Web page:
HEAL & FORGIVE: Forgiveness In The Face Of Abuse

Heal & Forgive

Forgiveness In The Face Of Abuse

By Nancy Richards

(Review by Rev. Renee)

            Heal and Forgive is the best book I’ve read in a very long time, and  I would be hard-pressed to come up with a more helpful book to recommend.  It is unique in its perspective in that it teaches the reader that sometimes it is okay, and even necessary, NOT to forgive.  It is a page turner right from the beginning, gripping you with Nancy Richards’ riveting and disturbing story of her sadistic stepfather’s violence and relentless abuse of herself and her brothers, and her mother’s complicity in the abuse and complete refusal to protect her children in the slightest way. 

            Even more distressing is the author’s account of her attempts to protect herself and her brothers, and to stand up and speak the truth about the abuse, which resulted in her treacherous mother convincing anyone who would listen that she was a liar and troublemaker with mental problems.  There is a twisted episode in which her stepfather was finally going to move out, but her mother told the then 12-year old author to ask him to stay.  He did stay, and  years later the mother blamed her daughter for controlling her marriage (at age 12!) and making her husband stay when she could have been rid of him sooner.

            Long after the evil stepfather was gone and the author was grown, her mother continued to expose the author’s younger brothers to repeated abuse from a string of other losers she became involved with.  Nancy Richards tells, in heart-wrenching detail, of her attempts to protect her younger siblings, to get anyone to listen to her or believe her, and to somehow maintain a relationship with the mother she still loved and the rest of her family. 

            But, in a scenario disturbingly familiar to many abuse survivors, her mother managed to convince most of the family that Richards was the problem, and to turn almost her entire family against her, including the brothers she had tried so hard and sacrificed so much to protect.  The denial, betrayals, and blatant lies as the family protected the abusers and scape-goated the author will ring true with so many of us.

            And then the author was left to embark on the path to forgiveness, with absolutely no remorse or repentance from those she was pressured to forgive, and not even any validation of her traumatic experiences.  At each stage of the process, she faced renewed pain with every new revelation, such as the realizations that her mother was the one who betrayed her the most,  and that her mother really never loved her.

            Throughout her long and difficult journey to forgiveness and recovery, the author has many valuable insights which she lovingly shares with us.  The most important insight, which is the main premise of the book, is that healing needs to come FIRST, BEFORE forgiveness.  We usually feel pressured to forgive prematurely, by family and friends, therapists, and society in general.  But forced forgiveness is not always possible, and is certainly not healthy.        

            The author teaches us that forgiveness is a process that begins with healing, and needs to include other elements as well, such as validation, anger, grief, and protection. In the process of her recovery, Nancy Richards read other author’s works, which helped her to understand these truths about forgiveness, and she quotes from them in her book.  When reading Heal & Forgive, one gets the sense that the author is not just writing about her own experiences, but is doing all she can to present a well-rounded and informed picture that will help other abuse victims as much as possible.  She opens her heart to us, and shares her innermost thoughts and every feeling she has that might validate our own feelings and help us on our road to recovery.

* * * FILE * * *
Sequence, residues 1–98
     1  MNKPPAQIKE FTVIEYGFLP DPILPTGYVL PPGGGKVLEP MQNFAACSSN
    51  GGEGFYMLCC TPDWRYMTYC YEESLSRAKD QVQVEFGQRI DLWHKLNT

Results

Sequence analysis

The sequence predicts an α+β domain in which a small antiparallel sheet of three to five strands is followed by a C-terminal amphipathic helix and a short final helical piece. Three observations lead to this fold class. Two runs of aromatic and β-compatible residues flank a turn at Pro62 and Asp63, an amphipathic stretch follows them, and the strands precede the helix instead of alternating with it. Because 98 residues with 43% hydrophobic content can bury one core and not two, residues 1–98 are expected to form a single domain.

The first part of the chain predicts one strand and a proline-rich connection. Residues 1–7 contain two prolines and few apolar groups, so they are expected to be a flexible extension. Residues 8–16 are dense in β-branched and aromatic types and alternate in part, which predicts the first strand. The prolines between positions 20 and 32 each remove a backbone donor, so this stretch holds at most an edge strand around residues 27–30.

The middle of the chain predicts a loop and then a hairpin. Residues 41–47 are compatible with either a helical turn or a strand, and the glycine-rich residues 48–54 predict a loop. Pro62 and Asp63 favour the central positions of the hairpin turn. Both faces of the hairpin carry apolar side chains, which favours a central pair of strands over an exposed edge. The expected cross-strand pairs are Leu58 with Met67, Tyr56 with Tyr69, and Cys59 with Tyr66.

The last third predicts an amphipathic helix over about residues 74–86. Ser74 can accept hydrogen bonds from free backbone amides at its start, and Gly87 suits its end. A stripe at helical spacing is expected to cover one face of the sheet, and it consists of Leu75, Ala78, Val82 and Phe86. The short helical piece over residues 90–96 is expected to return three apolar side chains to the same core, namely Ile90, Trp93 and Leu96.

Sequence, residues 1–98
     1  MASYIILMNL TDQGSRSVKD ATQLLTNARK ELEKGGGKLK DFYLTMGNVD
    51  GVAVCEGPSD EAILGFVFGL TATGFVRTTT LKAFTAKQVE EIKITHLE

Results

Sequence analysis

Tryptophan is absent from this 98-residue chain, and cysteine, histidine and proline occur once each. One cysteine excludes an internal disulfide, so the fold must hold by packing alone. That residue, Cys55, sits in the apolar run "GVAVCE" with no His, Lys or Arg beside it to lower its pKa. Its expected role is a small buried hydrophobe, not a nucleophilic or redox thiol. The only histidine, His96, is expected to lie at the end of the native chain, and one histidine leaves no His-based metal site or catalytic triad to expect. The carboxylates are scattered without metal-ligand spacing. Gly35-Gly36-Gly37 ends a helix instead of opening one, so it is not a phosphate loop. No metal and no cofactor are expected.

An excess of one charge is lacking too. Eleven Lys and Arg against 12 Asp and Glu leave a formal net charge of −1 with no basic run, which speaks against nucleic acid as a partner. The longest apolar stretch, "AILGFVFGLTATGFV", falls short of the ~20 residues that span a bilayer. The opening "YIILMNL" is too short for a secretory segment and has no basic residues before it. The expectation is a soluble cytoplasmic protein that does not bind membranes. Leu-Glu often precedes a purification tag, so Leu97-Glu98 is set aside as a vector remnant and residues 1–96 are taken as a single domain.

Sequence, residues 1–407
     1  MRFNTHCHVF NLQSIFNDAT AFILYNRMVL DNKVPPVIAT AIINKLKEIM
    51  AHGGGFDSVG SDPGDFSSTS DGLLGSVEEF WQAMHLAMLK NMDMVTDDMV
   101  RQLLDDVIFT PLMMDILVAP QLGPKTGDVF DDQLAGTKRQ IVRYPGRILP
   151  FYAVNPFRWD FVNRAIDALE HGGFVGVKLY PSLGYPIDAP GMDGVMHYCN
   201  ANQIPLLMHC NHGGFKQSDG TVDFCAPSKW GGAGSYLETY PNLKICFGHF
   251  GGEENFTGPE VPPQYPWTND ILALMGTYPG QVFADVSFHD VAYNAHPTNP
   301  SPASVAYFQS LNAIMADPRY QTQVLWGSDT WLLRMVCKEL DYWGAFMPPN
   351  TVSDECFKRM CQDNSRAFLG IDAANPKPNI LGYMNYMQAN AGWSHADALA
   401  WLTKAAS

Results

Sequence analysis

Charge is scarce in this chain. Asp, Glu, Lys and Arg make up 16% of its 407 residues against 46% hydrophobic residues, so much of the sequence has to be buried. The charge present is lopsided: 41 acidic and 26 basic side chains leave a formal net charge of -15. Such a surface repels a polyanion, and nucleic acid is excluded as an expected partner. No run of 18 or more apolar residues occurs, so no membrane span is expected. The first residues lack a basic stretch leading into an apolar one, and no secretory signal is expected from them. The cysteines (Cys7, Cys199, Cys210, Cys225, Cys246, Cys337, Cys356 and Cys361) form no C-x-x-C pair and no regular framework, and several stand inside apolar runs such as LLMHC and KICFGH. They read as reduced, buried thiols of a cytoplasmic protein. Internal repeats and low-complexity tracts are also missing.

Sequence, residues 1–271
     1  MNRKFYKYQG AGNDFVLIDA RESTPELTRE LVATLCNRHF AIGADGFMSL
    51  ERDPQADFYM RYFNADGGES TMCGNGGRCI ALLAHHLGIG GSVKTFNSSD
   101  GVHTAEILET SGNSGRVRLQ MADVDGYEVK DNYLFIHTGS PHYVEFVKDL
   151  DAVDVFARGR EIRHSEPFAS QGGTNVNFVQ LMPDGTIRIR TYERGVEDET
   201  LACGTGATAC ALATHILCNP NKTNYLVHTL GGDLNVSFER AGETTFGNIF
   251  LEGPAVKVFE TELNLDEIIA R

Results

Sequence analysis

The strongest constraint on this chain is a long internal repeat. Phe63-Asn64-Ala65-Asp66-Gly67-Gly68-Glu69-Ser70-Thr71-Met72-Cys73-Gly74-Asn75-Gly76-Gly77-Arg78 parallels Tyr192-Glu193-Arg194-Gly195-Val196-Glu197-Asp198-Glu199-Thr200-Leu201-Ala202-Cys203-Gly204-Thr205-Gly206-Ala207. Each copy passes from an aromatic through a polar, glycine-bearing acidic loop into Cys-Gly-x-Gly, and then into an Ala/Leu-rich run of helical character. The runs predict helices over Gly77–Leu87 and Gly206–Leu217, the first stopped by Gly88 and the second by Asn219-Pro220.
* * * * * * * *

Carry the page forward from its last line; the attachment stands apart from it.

The book is an easy read, and I was able to finish it in a few sittings.  It was a hard book to put down, and I hated to walk away from it in the middle of the story without finding out what was going to happen next.  It was a lot of food for thought.  Nancy Richards does all abuse victims a favor when she teaches us that sometimes no matter what we are willing to do and how hard we are willing to try, it is just not possible to have a relationship with some people.  We understand how important it is to stand up and tell the truth- to others and to ourselves. 

            When we realize that someone we love doesn’t love us, the truth can be so hard to bear, but it is still the truth, and denying it doesn’t change anything.   We learn that sometimes we need to make the choice to walk away from a toxic relationship.  We feel validated in learning that it is alright NOT TO FORGIVE evil people, and that releasing ourselves from the pressure to forgive gives us the freedom to heal.  Only after we have healed will we be able to come to a place of genuine forgiveness.

            After reading Heal & Forgive, I admire Nancy Richards for her courage and determination to heal and lead a life of peace and happiness despite her birth-family’s rejection, and I am appreciative of her sincere efforts to encourage the rest of us and validate our experiences by sharing her story.  Her triumph over the devastation and heartache inflicted by those she loved is an inspiration to anyone who thinks they can never get over the pain and be happy again.  I urge all those who have felt the knife of a loved one’s betrayal in their back, or who feel pressured to forgive before they are ready, to read this book.  It is a must-read for any survivor of birth-family abuse.